Youth Action Group Calls on Young Australians to Get Involved in Social Issues
25 September 2017 at 11:14 am
A group of youth activists has called for more young Australians to get involved in volunteering and social issues, at a compassion booth event held in Melbourne.
Melbourne City Mission’s Youth Action Group (YAG) created a drop-in booth at Flagstaff Gardens on Thursday 21 September, for International Day of Peace.
These young activists wanted “to spark a conversation between diverse groups and inspire acts of compassion from individuals on this important international day”.
At the booth, YAG handed out compassion cards and encouraged people to discuss experiences of inequality and compassion on issues of gender, race and culture, homelessness, Indigenous rights, mental health and LGBTIQ+.
One of the event organisers, Aishwarya Pokkuluri, said she joined YAG to make a difference to the community with like-minded people, which inspired her to create this event.
“We came up with this event because we realised we were all passionate about inequality. So we raised these six topics which we thought were really important and we were passionate about,” Pokkuluri told Pro Bono News.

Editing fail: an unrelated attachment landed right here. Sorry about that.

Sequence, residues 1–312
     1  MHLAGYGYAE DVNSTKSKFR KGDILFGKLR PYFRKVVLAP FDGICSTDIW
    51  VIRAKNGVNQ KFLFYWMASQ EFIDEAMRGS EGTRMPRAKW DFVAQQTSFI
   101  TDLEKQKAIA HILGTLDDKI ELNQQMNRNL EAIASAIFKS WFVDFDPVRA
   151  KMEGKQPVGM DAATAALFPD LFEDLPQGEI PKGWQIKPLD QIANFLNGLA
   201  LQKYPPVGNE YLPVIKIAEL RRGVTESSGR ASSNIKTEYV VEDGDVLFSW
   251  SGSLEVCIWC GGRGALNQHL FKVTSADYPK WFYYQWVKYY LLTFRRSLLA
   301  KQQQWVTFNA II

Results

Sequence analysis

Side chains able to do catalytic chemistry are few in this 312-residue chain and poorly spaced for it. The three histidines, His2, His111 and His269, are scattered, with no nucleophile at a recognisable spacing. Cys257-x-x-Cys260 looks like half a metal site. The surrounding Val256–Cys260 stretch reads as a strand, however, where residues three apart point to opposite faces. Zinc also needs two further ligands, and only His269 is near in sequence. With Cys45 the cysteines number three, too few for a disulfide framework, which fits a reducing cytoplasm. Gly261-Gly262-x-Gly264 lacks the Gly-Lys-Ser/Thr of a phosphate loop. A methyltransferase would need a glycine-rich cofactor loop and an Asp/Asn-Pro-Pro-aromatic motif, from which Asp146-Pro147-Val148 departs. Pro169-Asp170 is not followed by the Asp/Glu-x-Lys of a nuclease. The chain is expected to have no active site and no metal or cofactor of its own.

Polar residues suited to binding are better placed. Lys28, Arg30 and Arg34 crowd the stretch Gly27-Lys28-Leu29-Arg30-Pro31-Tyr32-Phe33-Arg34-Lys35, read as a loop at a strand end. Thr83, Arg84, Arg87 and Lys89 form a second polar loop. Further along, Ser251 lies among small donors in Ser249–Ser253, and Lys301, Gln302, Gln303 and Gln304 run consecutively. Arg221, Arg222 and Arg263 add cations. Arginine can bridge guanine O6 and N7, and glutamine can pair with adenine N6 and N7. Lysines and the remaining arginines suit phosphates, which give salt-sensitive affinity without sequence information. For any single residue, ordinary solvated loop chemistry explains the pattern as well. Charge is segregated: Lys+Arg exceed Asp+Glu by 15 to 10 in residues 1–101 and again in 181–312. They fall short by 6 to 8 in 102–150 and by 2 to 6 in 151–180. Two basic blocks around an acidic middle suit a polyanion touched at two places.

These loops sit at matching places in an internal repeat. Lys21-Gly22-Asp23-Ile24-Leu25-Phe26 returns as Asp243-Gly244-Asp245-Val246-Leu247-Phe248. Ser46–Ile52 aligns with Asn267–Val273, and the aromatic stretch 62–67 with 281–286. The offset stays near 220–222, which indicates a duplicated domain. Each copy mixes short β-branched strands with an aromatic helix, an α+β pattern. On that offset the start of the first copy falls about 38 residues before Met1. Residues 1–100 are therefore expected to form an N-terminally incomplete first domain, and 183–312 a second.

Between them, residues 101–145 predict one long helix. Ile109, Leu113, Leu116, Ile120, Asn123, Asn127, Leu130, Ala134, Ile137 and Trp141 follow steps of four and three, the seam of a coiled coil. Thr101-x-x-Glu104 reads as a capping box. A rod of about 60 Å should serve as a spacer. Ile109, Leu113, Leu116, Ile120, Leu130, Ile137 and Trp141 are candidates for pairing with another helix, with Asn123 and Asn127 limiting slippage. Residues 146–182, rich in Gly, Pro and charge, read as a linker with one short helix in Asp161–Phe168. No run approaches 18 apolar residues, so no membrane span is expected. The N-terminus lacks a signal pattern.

“And we put them together and created this compassion booth, where we hand out cards [and encourage people] to take action on these topics.”
She said events like these helped foster the passion young people had for social causes.
“Lots of young people care about [social issues]. And that’s why we organised this, because we want young people to express themselves,” the 21-year-old said.
“We want to decrease the stigma around these issues and get more people involved in volunteering.”
Another YAG member is 22-year-old Aneeka McNamara, who told Pro Bono News she joined the group to help young local people in need of support.
“I graduated from a Bachelor of International Studies and so I had done a lot of mission work and volunteering overseas,” McNamara said.
“And I really [was keen] to do work focused on a local level, which I hadn’t done before.”
McNamara said the booth had been a success, with many young people wanting to get involved.
“We’ve had a couple of school groups here, who were wanting to engage. And there’s been a lot of issues at the moment that people can resonate with, and who want to be a part of change.”
She said she understood that many young people had busy schedules, which made them hesitant to get involved in volunteering.
But she pointed out the power of young people’s voices in effecting social change, highlighted by the same-sex marriage postal-survey currently underway.
“I think a lot of young people are very busy with study and work and sometimes I think people need to know ways of how they can become involved and work around [their schedules],” McNamara said.
“And also they don’t want an intimidating environment and need to know how they can put some time aside from their studies to make a difference.
“But if we can put our voices together, we can really make an impact and see a huge change. This is shown today with the ‘yes’ campaign for marriage equality. If everyone speaks up with their opinion, then change with issues like this is possible.”